California's Do-Not-Track and Eraser Laws may Harm Internet Businesses
Last month, California lawmakers passed new laws that will affect the internet industry and businesses that rely on internet marketing, advertising and online services to customers. While national groups wrestle about e-commerce and internet law issues, California has established itself as a leader when it comes to passing internet privacy laws.Eraser Law
Starting January 1, 2015, social media websites must allow California children to remove their own internet postings. The new "Eraser Bill," allows people under the age of 18 to delete embarrassing posts, photos or other online indiscretions that may harm their chances of obtaining employment or college admission.
Tightening up on internet privacy issues for children is at the heart of the new law. While some major social media companies already allow users to delete unwanted posts, the bill forces all such sites to provide a delete option for California minors. The added requirement may create a disincentive for new internet businesses and may unduly complicate compliance issues if the businesses operate in a number of states.
Unfortunately, the law does not cover posts by other people or from other sources, adding legal requirements for internet companies that may be largely ineffective due to the viral nature of the internet."Do Not Track" Law
Of even greater concern for California internet businesses and users is the new "Do Not Track" bill. Tracking online user activity is vitally important for many companies as they use the collected data about their users in order to provide targeting advertising and marketing efforts. Online ads are a main source of income for many internet businesses and the ability to hone in on what individual users like is the key to selling marketing space on web pages. Additionally, internet companies often resell tracked data.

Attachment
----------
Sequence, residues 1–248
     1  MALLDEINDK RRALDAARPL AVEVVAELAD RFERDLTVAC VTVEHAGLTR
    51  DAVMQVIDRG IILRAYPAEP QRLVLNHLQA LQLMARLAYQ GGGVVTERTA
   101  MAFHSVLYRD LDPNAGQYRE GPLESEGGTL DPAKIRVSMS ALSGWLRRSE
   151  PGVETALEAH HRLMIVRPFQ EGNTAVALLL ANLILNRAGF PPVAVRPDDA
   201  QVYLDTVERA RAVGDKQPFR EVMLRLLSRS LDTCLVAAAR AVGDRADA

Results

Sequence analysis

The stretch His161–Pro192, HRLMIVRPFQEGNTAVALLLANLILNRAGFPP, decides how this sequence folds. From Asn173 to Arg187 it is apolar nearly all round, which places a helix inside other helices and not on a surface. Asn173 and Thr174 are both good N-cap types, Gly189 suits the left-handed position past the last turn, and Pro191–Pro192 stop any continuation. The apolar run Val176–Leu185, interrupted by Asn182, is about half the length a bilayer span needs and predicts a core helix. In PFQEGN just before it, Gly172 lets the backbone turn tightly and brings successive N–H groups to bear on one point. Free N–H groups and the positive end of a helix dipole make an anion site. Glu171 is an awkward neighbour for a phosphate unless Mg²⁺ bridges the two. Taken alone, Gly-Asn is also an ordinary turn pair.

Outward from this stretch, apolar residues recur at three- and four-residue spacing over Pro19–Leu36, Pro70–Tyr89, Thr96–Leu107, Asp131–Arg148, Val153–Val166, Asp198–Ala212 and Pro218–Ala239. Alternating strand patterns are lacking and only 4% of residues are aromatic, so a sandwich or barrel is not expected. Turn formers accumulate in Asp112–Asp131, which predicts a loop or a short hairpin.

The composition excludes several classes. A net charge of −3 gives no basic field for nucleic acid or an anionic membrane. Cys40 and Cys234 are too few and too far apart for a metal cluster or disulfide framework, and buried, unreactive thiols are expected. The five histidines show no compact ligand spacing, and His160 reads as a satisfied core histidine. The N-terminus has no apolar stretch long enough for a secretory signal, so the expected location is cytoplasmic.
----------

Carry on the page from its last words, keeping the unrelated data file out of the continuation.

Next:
Most web browsers allow a do-not-track option for internet users. However, internet companies are not required to comply, nor are they under an obligation to admit that they continue to track user information after receiving requests not to do so. That will change once the new law goes into effect.
Once implemented, all online businesses must provide an option for California users to request that their online use not be tracked. Additionally, after do-not-track requests are received, the company must disclose:
- Whether they continue to track users
- How they comply with user requests not to track
Those businesses that do not provide the legally required information are subject to public criticism. While this is not a concern for internet giants like Google and Facebook, smaller companies have reason to be concerned.A Lawyer Can Help
Internet laws are confusing and subject to radical changes. If you conduct business online, consult an experienced internet law attorney. A lawyer knowledgeable about internet fraud and defamation, online advertising and marketing rules, internet privacy concerns and other issues dealing with internet use can help.